NO BUSINESS owner ever had it easy – they’ve had to struggle back after being knocked down.
Any business owner will tell you that the only thing you should do is not give up.
Siphiwe Skhosana (65) told SunMoney about his journey to success. He was the first Mzansi McDonald’s operator and he has grown his business to four outlets.
“Running a business is not easy. I worked as a business manager at a bank so I only knew how businesses worked on paper.”
He said small businesses do not survive without a cash flow.
“What kills small businesses is when income does not cycle back quickly enough or at all, which causes the business to collapse while trying to pay back what it owes.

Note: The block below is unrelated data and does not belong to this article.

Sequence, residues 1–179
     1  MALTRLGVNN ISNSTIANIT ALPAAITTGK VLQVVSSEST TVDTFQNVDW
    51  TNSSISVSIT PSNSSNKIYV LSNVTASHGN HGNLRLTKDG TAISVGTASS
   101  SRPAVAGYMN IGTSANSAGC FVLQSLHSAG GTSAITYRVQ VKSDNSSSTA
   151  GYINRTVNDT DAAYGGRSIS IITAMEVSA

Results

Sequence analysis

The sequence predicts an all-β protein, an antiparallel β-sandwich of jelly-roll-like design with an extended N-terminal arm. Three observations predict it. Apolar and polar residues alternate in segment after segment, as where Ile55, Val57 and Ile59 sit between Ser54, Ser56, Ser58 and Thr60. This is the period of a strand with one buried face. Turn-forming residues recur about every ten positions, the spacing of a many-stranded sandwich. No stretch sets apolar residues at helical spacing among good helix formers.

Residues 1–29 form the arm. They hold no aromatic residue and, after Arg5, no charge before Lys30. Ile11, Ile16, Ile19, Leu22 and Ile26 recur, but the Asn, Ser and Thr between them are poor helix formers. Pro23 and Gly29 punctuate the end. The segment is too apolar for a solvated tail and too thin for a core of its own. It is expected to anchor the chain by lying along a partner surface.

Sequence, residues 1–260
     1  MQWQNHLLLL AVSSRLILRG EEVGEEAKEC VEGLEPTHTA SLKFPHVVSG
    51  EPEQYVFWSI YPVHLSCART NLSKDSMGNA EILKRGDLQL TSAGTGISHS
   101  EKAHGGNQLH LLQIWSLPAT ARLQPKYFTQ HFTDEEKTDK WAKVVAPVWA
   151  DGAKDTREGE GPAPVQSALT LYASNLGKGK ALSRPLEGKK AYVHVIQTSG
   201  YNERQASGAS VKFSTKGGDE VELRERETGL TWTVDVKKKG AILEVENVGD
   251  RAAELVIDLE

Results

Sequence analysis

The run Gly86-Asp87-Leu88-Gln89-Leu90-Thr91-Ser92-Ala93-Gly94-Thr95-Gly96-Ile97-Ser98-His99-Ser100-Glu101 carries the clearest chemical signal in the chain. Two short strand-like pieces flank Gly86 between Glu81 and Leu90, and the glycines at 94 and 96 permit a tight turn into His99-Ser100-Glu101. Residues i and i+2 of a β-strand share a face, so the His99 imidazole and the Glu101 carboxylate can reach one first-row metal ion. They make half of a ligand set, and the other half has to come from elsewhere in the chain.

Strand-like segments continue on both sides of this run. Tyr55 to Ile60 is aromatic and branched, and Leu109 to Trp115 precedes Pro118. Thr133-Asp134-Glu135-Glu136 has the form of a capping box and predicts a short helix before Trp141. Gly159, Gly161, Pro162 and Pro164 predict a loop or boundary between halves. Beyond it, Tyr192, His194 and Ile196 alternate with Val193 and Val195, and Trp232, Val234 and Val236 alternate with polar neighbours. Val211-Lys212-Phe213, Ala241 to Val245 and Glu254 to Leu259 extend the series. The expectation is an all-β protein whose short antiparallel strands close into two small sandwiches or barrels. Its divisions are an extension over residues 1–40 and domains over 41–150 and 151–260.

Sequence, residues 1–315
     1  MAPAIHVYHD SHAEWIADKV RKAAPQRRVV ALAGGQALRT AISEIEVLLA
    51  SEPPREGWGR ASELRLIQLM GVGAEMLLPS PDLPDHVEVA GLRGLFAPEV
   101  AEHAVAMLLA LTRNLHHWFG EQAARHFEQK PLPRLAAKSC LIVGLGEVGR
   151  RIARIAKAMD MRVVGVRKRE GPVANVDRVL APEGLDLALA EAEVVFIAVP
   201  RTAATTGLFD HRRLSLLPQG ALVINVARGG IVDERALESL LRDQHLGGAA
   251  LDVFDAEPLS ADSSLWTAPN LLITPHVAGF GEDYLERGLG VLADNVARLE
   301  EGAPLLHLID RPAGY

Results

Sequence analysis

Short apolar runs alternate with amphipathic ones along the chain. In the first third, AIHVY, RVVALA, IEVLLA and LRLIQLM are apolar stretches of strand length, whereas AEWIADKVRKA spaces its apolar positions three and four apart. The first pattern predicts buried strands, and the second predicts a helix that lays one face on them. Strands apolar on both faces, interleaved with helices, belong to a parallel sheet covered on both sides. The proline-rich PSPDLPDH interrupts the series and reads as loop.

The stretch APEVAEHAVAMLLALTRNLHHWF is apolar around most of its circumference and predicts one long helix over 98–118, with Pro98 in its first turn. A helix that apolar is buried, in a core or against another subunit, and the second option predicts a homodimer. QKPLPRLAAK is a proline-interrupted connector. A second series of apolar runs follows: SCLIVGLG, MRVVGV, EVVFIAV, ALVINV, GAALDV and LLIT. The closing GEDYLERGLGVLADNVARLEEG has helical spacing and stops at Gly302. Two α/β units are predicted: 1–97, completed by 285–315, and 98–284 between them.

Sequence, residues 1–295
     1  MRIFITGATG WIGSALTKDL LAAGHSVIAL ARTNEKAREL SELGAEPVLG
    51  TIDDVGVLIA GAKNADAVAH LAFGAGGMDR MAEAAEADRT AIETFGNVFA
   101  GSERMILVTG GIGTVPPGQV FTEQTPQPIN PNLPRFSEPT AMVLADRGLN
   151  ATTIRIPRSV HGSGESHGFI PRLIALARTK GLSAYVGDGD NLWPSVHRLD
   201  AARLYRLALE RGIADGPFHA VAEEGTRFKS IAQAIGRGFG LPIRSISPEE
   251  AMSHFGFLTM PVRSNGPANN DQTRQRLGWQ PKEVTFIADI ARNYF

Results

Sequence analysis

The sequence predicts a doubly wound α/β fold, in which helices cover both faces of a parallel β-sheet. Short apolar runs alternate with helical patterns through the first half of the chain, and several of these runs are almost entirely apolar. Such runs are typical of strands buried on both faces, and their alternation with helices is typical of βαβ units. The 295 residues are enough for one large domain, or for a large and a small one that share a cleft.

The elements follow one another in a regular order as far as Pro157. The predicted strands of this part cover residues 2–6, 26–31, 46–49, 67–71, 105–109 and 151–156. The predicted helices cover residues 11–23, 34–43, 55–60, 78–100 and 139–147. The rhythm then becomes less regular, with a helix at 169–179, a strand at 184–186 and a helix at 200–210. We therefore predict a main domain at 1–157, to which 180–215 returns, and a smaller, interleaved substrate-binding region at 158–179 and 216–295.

“The entrepreneur market is big and complex but in every single enterprise there are people working hard and persevering.”
Skhosana had to raise R500 000 to get into the business.
“I didn’t have cash so I sold my assets and cashed in my savings to afford my business partnership with McDonald’s.
“With the help of McDonald’s, I was able to establish a healthy cash flow and after four years, I was able to buy them out and become the owner of two stores. I later expanded to four stores.”
He uses the income to pay employees and creditors first. He avoids all late payments.
“That is my priority: make sure your people are paid on time.”
He said the number of stores you own does not matter as much as how you run them.
Skhosana runs his businesses with his wife and support offered by McDonald’s. “I used to sell sweets and peanuts at school, stadiums and my neighbourhood. I was born to run a business.”
His new goal is to reach out and help school pupils make the change to successful adults.